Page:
There is a significant voice in my head that disdains the entire project for that reason alone. Sound and fury signifies nothing unless you get a grant. God, I love this stuff. Why is that?
I should get a cup of coffee.
Soundscape: n. the sonic environment, the sum total of all sounds within any definitive area which surround us as a result of certain historical, technological, and demographic processes. see also: keynote sounds, sound signals, soundmarks (R. Murray Schafer), pious soundscape (Charles Hirschkind), and acoustemology (Steven Feld).
The trouble comes for me when colleagues begin to devise and then employ taxonomies to the creation of or participation in soundscapes. I seem to have an allergy to taxonomical approaches to anything.
As an anylytical approach, there’s nothing inherently wrong with a taxonomy. They are entirely neutral as tools (until they aren’t). So, what gives?
Well, here’s my problem and why I fall into the ethereal arms of semiotics all the time. There is no taxonomy complex enough to navigate the social or interpersonal nuances of music making. And once we start shoehorning all the nuances into categories or classifications (sonic genus, anyone), then we miss the opportunity to experience the music in all its glorious ambiguity.
Unless there’s a classification named, “shit we just don’t grok.” That’d be okay.
I’m sitting here trying to get this paper apart so I can put it back together again and it just keeps getting bigger on me. It is getting away from me.
Music alone, music and ritual action, music and text, music and text and ritual action...simple enough classifications for the liturgiological ethnomusicologist and yet...the sonic icons are bigger than this, more efficatious on a per case basis. Ethnography shatters even these most vague classifications.
Soundscapes are created and navigated by individuals within societies that maintain and contain ritual aspects only some of which are religious. In this, religious acts are not closed semiotic systems. Rather, they are moments of attention, interpersonal accretions that are either incorporated into the conscious experience of the participant or ignored until something novel or profound or irritating and offensive captures the conscious attention of the participant.
It is possible that something unconscious is also occurring, but that's above my paygrade today.
Filed Under: liturgy
Beware of practicing your piety before others in order to be seen by them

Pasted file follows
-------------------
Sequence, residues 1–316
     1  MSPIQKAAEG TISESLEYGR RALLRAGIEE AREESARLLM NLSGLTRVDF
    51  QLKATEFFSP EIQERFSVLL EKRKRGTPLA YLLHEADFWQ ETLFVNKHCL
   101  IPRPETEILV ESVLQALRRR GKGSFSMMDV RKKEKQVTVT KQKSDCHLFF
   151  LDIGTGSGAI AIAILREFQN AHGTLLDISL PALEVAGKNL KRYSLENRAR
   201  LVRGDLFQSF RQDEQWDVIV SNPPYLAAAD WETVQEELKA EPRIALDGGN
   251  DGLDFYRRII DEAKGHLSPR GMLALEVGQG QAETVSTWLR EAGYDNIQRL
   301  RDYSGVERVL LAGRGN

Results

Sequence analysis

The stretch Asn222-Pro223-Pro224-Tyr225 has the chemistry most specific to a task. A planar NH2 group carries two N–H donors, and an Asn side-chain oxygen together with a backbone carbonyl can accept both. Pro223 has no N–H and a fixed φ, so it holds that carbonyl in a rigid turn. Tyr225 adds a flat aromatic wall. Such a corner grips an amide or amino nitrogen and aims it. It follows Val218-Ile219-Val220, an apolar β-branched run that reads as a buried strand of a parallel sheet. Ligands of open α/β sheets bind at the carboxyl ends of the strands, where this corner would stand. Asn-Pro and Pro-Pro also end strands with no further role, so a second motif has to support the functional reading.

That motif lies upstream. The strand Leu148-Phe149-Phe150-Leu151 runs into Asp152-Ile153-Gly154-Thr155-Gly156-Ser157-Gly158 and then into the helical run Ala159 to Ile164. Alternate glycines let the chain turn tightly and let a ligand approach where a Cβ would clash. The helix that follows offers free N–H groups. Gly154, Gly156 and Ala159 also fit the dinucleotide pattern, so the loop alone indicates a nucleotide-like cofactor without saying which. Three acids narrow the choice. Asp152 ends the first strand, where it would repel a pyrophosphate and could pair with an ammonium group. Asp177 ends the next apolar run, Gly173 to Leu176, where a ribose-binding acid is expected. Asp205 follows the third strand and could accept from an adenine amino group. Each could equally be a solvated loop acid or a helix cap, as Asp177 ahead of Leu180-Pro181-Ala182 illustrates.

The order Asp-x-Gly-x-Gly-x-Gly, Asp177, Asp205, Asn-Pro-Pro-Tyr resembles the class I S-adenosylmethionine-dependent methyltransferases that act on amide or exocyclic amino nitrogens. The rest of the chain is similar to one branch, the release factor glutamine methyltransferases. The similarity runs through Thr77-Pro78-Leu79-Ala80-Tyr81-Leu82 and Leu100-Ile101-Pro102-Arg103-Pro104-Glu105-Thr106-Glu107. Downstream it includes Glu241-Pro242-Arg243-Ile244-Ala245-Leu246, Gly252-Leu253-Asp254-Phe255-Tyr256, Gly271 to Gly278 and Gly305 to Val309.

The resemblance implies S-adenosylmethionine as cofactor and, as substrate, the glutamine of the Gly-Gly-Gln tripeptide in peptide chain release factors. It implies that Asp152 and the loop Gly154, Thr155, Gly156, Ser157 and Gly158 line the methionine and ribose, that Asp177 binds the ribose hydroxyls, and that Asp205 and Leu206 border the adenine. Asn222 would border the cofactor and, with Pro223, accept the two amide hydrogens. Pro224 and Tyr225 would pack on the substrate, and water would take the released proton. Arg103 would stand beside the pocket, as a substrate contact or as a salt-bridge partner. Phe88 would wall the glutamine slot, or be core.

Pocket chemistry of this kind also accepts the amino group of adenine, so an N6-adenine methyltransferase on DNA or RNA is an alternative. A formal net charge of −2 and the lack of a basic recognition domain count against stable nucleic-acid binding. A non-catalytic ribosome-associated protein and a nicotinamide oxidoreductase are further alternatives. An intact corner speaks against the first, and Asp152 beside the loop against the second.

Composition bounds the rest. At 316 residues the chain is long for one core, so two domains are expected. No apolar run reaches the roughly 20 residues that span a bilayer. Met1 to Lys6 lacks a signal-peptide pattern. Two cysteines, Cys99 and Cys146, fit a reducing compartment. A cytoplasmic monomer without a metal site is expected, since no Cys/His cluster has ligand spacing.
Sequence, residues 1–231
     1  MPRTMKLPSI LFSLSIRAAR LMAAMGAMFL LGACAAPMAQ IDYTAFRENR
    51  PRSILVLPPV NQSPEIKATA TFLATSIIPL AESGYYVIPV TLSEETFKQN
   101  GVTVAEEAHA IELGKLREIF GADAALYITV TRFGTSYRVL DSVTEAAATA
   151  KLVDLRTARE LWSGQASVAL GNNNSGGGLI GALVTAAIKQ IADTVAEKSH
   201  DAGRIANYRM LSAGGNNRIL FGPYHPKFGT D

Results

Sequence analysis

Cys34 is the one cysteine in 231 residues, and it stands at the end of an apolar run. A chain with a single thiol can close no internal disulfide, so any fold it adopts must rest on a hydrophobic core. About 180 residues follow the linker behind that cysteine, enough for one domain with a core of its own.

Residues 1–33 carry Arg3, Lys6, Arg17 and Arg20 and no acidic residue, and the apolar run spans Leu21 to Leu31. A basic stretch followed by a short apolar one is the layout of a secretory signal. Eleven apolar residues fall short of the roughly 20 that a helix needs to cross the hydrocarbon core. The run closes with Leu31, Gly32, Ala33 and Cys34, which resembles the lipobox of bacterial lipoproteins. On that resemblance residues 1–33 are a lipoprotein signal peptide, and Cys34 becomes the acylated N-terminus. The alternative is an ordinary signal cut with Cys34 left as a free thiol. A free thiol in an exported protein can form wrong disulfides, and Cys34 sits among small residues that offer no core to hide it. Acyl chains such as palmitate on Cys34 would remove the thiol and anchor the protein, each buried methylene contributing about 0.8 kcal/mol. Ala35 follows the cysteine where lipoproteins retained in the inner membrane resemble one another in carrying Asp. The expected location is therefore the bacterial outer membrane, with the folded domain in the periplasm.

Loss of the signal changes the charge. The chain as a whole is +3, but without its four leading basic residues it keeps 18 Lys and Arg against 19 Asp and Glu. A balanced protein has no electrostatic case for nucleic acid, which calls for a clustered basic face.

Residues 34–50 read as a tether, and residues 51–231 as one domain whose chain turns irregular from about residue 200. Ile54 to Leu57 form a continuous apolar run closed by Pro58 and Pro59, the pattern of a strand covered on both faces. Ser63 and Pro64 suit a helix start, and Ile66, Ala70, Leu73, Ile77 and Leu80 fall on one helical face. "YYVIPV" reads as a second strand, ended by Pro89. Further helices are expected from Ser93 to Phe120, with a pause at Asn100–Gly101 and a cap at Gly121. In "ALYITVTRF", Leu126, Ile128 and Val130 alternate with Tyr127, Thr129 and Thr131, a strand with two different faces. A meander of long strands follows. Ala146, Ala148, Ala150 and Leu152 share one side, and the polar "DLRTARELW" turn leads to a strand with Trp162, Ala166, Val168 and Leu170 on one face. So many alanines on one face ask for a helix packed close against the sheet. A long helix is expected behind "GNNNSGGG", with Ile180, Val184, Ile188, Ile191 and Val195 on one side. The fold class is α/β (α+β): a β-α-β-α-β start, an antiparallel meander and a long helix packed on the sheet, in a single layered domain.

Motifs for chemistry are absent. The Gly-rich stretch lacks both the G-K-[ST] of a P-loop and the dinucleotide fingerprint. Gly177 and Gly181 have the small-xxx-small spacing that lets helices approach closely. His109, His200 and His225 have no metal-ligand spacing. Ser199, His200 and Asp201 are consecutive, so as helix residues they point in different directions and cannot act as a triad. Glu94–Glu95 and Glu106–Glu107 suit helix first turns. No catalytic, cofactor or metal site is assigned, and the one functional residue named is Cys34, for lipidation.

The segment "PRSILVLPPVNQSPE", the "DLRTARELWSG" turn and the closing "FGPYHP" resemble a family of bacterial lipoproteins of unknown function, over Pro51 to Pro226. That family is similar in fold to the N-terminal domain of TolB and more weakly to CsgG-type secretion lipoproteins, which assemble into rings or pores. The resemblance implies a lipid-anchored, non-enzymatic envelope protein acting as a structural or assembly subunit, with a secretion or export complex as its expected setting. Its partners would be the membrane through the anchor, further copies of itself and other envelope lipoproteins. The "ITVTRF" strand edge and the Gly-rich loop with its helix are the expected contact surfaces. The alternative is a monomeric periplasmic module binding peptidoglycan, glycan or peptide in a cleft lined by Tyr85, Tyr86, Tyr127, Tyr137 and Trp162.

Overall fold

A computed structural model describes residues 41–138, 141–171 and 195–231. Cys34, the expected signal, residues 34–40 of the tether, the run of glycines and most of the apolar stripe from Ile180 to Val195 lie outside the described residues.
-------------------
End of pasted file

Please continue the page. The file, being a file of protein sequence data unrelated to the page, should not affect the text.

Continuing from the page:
And here goes Jesus hamstringing us before we even get started. How, O Gentle Savior, are we to grow and expand our influence if we cannot practice our piety before others? How will they see us? How will they know us? This is the challenge of the 21st century church in America: the desire to be seen by the communities in which we live. Yet here is Jesus...“Beware of practicing your piety before others in order to be seen by them...” but I get ahead of myself.
It was spring of 1995 and I was one of the musicians at another Episcopal parish, the Church of the Holy Comforter in Richmond, VA. It was the Easter Vigil and we, the choir, were standing in the choir loft behind the nave. From our vantage point we could see everyone gathered. At the other end of the nave were the altar and sanctuary. It was the middle of the Vigil, that turning point after the litany of the saints and as the lights were raised revealing flowers and garlands and brightly colored fabric. Faces shone as brightly as the decorations. Then we sang...
Bright morning stars are rising
Bright morning stars are rising
Bright morning stars are rising
Day is breaking in our souls.
Then. It was right then that I finally got it...in the midst of song and light and flowers and gathered humanity...in liturgy...I finally *got* it.
“Oh. Here is God. Here is resurrection. This is what it means.”
And I wept. I was done. Having been found I was done in by God.
I was (and in many ways still am) one of the Spiritual-But-Not-Religious. I had been working as a church musician for a few years. I even had a degree in religious studies (with anthropology and music wrapped up in there, too). And even though I had been baptized at St. James the Less Episcopal Church in Ashland, VA., church was never really our thing as a family. It was never really my thing. Spirituality...yes. Absolutely, but religion? Specifically church? Oh no.
I could never see God in it. And these insane stories about the resurrection? You must be kidding me. There were better more sensible options out there.
But I had a musical skill set and it was Richmond in the early 1990’s and Christendom was still the place to be. So there I was deep in it and still...I had no clue what any of us were talking about. I saw the people. I liked the people. I sang with the people. We even marched together to end gun violence in the city. But I could not find God in it.
I was looking...seeking as they called it back then, I was seeking God wherever God may be found. I was looking for the resurrection as we recite in the Nicene Creed every Sunday.
I saw everything else.
I saw piety...but not God.
I had other places to go for God.
Until...somehow the liturgy, the symbolic action of the people of God, that craft of the gathered many, pointed me beyond...to God.